A single parent is a parent with one or more children, who is/are not living with the child's/children's other parents. The definition of single parenthood may vary according to local laws of nations or provinces.
Single parenthood may occur as a result of loss (death of spouse, separation, divorce, abandonment by one parent), or by choice (single parent adoption, donor insemination, egg donor/surrogate motherhood, choosing to carry to term an unexpected pregnancy and raise the child on one's own).
More than 25% of children in the U.S. live with only one parent (U.S. Bureau of Census, 1997). Research about the welfare of children in single-parent families varies. Many factors influence the outcome of how children fare: parent's age, education level, and occupation, family income, family's support network from friends and extended family members (including the absent parent if available). Further, outcomes in families where single-parenthood is chosen is higher, as the single parent is typically older, has established employment and social supports, and has considered the pros and cons of raising a child alone. Statistically, children in single parent homes fare worse than those with two parents. In the United States, family structure contributes to five characteristics of a child's well being. These include lower birthrates and higher death rates among infants when there is just one parent. Also, the number of children ages 15-17 in school and in good health is much lower, and the number of children becoming pregnant at these ages is increasing. However, children raised in single parent homes do worse than those with caregivers who can give the child attention in all areas, including academic and emotional health.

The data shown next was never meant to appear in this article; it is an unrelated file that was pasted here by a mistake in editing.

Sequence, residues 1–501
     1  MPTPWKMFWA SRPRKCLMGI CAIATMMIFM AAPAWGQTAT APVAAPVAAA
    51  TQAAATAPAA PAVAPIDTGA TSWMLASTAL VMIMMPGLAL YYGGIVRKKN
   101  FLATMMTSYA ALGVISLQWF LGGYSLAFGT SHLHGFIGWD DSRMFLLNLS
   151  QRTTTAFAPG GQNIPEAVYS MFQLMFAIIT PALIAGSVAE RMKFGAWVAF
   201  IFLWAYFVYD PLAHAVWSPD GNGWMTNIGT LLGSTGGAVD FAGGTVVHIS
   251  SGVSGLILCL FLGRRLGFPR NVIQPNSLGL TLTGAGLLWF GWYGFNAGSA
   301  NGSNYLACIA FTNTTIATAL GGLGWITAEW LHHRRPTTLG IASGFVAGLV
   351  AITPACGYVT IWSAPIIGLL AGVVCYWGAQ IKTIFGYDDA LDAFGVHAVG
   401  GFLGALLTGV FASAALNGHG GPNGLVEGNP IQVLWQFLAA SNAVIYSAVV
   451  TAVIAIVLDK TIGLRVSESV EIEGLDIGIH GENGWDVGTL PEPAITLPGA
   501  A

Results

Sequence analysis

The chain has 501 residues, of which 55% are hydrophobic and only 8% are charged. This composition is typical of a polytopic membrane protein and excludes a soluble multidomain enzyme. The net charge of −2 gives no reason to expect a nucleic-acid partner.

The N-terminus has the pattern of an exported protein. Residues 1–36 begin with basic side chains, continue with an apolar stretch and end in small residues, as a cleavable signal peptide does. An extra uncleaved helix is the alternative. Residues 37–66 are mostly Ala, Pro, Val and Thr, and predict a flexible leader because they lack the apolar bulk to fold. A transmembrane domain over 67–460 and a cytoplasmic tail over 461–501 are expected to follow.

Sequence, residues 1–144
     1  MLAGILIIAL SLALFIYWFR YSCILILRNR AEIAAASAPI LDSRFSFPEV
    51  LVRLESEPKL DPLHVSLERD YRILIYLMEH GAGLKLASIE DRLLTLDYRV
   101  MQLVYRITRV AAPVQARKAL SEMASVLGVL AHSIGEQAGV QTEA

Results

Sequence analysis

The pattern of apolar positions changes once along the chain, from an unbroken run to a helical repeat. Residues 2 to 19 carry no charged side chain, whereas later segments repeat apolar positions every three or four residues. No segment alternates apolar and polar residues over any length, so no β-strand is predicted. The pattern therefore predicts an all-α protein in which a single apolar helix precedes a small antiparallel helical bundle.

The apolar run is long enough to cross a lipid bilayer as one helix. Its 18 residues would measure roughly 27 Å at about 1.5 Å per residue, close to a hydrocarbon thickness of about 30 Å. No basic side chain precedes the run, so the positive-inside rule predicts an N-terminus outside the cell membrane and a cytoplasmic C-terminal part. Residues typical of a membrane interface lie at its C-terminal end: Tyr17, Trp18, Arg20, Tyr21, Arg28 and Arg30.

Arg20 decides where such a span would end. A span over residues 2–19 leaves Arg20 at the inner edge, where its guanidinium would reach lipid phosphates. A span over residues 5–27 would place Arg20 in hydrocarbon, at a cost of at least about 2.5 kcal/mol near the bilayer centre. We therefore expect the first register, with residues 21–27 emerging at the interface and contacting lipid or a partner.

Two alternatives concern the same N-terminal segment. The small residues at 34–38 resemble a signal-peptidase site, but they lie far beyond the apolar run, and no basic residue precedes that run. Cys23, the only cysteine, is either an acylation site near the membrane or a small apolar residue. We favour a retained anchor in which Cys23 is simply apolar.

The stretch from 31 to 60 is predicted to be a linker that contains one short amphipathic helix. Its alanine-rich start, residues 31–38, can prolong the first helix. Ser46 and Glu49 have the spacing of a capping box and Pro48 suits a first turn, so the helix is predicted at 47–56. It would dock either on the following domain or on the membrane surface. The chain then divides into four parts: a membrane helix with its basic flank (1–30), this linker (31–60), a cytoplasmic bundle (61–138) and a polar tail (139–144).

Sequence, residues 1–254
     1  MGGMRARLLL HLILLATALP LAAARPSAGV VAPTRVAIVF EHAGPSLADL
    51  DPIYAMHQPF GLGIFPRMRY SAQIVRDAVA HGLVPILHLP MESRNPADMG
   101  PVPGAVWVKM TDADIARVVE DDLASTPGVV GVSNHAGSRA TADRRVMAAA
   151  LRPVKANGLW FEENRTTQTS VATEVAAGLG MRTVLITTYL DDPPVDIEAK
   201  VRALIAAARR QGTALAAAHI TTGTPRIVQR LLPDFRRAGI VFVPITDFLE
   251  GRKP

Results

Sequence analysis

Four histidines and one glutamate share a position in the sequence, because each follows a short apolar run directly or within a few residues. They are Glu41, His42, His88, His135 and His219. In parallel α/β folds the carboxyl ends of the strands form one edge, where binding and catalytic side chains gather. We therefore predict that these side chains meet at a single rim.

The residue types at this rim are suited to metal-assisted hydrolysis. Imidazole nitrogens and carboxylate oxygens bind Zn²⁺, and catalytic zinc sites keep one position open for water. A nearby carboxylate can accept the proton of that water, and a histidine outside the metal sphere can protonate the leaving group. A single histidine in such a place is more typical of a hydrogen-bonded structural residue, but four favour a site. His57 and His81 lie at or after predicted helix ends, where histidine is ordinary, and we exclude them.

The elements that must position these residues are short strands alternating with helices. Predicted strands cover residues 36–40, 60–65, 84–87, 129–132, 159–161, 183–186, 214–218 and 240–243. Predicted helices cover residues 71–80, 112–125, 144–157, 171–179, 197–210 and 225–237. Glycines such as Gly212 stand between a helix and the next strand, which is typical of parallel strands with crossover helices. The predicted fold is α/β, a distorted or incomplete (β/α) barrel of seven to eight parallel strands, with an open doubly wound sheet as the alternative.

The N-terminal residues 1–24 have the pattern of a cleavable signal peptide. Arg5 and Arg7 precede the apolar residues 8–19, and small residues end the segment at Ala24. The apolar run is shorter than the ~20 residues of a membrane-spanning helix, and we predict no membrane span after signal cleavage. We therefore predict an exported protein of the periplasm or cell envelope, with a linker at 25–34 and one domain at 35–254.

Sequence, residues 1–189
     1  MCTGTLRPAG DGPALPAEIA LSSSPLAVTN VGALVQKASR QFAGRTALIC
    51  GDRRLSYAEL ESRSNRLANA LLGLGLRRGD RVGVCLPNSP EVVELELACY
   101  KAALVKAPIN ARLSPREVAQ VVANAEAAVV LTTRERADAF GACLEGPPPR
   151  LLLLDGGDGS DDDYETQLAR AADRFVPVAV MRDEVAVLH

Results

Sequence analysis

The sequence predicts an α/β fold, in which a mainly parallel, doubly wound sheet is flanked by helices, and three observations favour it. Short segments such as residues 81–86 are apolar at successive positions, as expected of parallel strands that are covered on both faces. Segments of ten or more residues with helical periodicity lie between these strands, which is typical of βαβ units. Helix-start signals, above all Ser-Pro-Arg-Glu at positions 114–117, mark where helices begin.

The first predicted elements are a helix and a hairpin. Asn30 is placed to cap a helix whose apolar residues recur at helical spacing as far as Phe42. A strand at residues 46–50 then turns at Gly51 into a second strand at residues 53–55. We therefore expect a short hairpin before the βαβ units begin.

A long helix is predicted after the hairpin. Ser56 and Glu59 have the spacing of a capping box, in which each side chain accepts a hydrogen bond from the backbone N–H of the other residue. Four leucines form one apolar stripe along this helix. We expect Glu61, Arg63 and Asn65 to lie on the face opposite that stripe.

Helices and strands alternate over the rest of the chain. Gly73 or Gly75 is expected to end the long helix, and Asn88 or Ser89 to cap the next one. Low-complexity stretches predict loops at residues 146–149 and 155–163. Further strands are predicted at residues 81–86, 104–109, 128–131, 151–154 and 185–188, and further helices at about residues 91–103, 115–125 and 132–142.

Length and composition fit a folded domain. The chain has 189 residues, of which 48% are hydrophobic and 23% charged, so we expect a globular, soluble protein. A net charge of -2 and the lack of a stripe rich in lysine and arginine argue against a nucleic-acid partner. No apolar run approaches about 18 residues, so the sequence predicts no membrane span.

here are also signs that children who have gone through a divorce have problems with depression (mood), emotional stress, and difficulties in school. Problems like this however may not be because of the parent who raised them, but can be...
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